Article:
The university made the decision a week ago, before students had to make financial commitments, and it has been working to arrange opportunities in other parts of the world for the affected students, said Sarah Malloy, the university’s director of study abroad and international exchange.
Learmond “Buddy” Hayes didn’t quite know what to think.
He’d always been vaguely curious about his lineage — “I watched ‘Roots’ in the ’70s like everybody else” — and a diabetes diagnosis gave a dormant interest more urgency. Family history and all.
So he started to do a little research. He learned details about a grandfather killed in an auto crash, in the ’20s, when they were rare.
That nugget prompted more digging; he sent a DNA sample off to be tested.
And that helped lead to something really remarkable.
Hayes learned about an ancestor who fought as a “free man of color” in the Revolutionary War, and received an invitation to become the first African American member of the local chapter Sons of the American Revolution.
But first he had to do a little more research.
“I thought it was like one of those Civil War things, and I wasn’t sure that was the kind of organization I wanted to deal with,” he said. “Then I found out what they were about.”
The Sons of the American Revolution, simply put, is an organization by and for history buffs who can trace direct lineage to a patriot who fought in (or supported in some way) the War for Independence.
“Every member is required to prove that their grandfather marched into battle, their grandmother secretly spied on the location and troop strengths or helped feed her son’s army,” said Fred Learned, a senior vice president of the N.C. Sons of the American Revolution and charter member of the local Bethabara chapter. “If you can prove your grandparents gave a horse or a hog, or gave (patriots) a coat or a blanket, that qualifies you for membership.”
Which is easier said than done.
Proving lineage two or three generations back can be difficult enough. Eight or nine can be darn near impossible without a lot of persistence and no small amount of luck.
“I have one ancestor listed only as a slave woman,” Hayes said. “Nothing else.”
Hayes has spent a fair amount of time digging through paper records in courthouses Down East, in Bladen, Cumberland and New Brunswick counties in particular, in an area where he spent time growing up.
These days, with the help of DNA testing and the considerable reach (and consolidation) of information on the internet, research can be faster.
Anyhow, his search drew him to a distant cousin from Wilmington named Kevin Graham. “I was born in Wilmington, so it wasn’t far-fetched,” Hayes said. “But I hadn’t heard the name Graham in the family before.”
And that’s when he found the big discovery.
Graham, a genealogy buff himself, had already done a great deal of legwork. The paper trail led to a man named John Blanks Sr. of Bladen County.
According to the research, Blanks Sr. fought as a captain in the Craven County Regiment of a North Carolina militia authorized in 1775 by the provincial Congress.
The regiment is known to have fought in the Battle of Moore’s Creek, at New Bern and other places near the border with South Carolina.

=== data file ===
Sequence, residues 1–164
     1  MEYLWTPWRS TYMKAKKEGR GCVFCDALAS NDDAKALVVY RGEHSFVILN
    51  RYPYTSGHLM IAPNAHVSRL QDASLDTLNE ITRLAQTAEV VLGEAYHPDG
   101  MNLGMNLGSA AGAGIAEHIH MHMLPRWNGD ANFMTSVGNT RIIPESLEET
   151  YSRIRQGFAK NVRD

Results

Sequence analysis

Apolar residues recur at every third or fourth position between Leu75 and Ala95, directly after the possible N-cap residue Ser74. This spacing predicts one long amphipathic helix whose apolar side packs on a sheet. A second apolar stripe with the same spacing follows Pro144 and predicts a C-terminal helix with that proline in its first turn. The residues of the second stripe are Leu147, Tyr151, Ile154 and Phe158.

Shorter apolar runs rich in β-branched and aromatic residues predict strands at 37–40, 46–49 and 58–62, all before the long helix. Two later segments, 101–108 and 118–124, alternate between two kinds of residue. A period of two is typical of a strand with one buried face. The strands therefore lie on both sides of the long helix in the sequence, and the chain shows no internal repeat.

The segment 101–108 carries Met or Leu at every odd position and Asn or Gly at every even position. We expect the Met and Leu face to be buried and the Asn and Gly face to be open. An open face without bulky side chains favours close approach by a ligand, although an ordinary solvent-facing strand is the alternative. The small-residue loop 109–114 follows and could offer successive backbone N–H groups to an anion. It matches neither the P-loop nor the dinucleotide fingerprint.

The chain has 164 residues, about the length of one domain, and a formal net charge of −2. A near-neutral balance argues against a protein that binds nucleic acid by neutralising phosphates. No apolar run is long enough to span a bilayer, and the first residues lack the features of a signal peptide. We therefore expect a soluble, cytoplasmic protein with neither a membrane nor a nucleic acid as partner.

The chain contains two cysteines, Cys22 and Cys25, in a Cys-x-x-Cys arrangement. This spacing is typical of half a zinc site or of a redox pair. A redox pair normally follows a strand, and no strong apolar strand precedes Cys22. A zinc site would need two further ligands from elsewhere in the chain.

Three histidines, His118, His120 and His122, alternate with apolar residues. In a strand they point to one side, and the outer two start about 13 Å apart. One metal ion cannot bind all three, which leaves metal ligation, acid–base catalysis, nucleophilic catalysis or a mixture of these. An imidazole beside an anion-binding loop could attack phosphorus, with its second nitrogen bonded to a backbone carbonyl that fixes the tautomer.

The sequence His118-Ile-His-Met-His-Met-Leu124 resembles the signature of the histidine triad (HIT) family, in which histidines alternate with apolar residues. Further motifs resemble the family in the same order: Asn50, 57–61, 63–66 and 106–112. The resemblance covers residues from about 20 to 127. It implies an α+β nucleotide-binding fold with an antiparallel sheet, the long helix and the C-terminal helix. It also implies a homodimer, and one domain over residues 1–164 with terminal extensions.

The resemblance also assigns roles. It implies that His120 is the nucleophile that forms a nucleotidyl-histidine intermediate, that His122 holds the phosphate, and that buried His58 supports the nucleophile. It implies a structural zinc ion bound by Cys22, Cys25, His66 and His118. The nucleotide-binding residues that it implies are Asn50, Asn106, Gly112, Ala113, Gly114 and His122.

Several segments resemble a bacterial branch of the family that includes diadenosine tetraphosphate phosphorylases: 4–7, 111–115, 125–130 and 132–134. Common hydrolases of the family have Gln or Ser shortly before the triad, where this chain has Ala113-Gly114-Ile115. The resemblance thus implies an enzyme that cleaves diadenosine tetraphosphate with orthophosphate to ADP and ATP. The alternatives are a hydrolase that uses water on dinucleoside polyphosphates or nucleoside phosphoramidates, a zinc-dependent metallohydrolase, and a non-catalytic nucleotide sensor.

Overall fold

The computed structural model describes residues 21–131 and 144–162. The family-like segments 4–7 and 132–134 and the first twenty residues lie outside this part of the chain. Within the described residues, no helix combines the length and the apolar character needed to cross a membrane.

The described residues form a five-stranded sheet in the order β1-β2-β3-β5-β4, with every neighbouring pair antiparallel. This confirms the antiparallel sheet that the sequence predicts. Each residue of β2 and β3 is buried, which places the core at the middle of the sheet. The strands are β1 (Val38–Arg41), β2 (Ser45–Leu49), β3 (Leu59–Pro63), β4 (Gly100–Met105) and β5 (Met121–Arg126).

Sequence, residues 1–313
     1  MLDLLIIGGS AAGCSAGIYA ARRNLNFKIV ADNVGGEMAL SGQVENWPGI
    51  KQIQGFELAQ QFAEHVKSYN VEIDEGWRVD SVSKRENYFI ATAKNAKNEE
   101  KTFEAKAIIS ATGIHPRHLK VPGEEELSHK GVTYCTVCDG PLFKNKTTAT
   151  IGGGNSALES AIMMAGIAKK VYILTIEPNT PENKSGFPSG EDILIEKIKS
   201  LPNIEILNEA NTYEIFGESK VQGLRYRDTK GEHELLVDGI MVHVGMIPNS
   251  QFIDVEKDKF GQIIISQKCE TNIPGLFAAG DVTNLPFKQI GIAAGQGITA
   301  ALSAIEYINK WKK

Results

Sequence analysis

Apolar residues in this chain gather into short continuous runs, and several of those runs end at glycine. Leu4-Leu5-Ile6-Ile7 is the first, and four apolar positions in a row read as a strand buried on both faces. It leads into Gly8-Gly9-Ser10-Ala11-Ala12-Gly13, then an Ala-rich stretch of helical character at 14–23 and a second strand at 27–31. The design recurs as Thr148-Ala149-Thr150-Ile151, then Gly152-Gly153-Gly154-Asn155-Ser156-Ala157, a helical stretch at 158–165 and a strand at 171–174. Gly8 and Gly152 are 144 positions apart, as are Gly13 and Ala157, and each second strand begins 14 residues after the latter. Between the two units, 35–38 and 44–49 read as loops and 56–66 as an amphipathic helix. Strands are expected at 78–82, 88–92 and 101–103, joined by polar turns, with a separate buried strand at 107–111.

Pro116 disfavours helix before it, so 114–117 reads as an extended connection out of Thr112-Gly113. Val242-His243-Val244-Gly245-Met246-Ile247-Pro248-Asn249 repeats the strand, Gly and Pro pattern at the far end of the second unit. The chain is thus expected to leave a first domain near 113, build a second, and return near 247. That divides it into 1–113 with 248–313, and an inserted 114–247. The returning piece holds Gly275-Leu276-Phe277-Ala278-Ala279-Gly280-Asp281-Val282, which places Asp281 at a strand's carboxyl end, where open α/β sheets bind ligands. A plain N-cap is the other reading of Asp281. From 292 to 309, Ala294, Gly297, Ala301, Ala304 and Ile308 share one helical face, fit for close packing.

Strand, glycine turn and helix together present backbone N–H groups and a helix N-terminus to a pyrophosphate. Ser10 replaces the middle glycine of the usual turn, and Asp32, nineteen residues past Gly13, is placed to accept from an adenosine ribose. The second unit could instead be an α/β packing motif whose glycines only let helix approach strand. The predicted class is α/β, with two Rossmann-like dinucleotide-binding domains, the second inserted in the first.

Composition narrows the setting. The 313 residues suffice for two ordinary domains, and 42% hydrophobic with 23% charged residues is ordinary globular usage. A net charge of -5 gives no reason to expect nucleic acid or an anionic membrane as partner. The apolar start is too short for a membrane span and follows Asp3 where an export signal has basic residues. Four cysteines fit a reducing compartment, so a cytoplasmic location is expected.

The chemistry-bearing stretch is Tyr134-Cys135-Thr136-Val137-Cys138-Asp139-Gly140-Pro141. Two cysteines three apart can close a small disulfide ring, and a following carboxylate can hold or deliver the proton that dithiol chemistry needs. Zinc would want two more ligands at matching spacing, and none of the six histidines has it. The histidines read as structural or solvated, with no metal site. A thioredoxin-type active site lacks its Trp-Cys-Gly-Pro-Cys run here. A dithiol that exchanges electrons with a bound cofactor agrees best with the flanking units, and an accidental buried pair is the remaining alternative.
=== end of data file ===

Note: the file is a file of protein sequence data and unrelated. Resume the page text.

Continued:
“I find it extraordinary that, whenever I go home, the same fields where I was running around, hunting and fishing when I was young, could have been the same fields where they fought and camped,” Hayes said. “Some of those battles were right there and I never knew it.”
As exciting as the news was, some things about John Blanks Sr. remains a mystery to Hayes.
In particular, he’s curious about 18th Century terminology.
“In some documents he’s listed as white or mulatto or other, which wasn’t uncommon,” he said. “I’m trying to determine how he became a ‘free person of color.’
“It could be that he emigrated from Africa to Europe and then came to America. Or maybe he was the son of a sailor.”
What’s not in doubt is Blanks’ status as an American veteran of the Revolutionary War. A pension check issued in 1784 — Hayes keeps a copy in his records — to him by the state of North Carolina proves it.
Black soldiers indeed fought as patriots, but their role isn’t mentioned often. The Sons of the American Revolution has compiled a list of 80 or so from Eastern North Carolina, but documentation can be difficult to locate.
So when Hayes learned about one of his ancestors, he was both surprised and pleased.
“I knew about Crispus Attucks,” he said, referring to a black man killed during the Boston Massacre, the first casualty of the Revolution, “but not much else. I didn’t realize African Americans fought for the United States.”
The next step — joining the Sons of the American Revolution — got easier once Hayes realized that the group’s mission was simply to honor those who’d fought for America’s independence from England.
Nothing divisive about that; and no hidden agendas.
He’s scheduled to be formally inducted at a luncheon later this week, and he’ll be the first African American member in the local chapter.
“It took all kinds of people to struggle for independence,” Learned said. “We’re very pleased.”
So is Hayes. He’s planning on taking two of his young nephews so they, too, can take pride in the family history.
“It’s not for me or anything I’ve done — trust me — but it’s to honor and respect an ancestor who did for all of us,” he said.
One person died in a house fire Sunday afternoon on the 4000 block of Inwood Drive.
The name of the victim has not yet been released.
The Winston-Salem Fire Department got the alarm at 3:56 p.m. Sunday and arrived at the scene within a few minutes, according to battalion chief Joe Ramsey.
Multiple engines worked to suppress the fire so they could locate a person believed to be in the house, which was filled with heavy smoke.
Three crews went in to do a primary search of the house and perform a rescue operation.
The Winston-Salem Police Department and Forsyth County Emergency Medical Services also responded.
Firefighters “located the victim and evacuated them from the structure to perform CPR,” Ramsey said.
“The patient was turned over to EMS, but they, sadly, were pronounced dead on the scene.”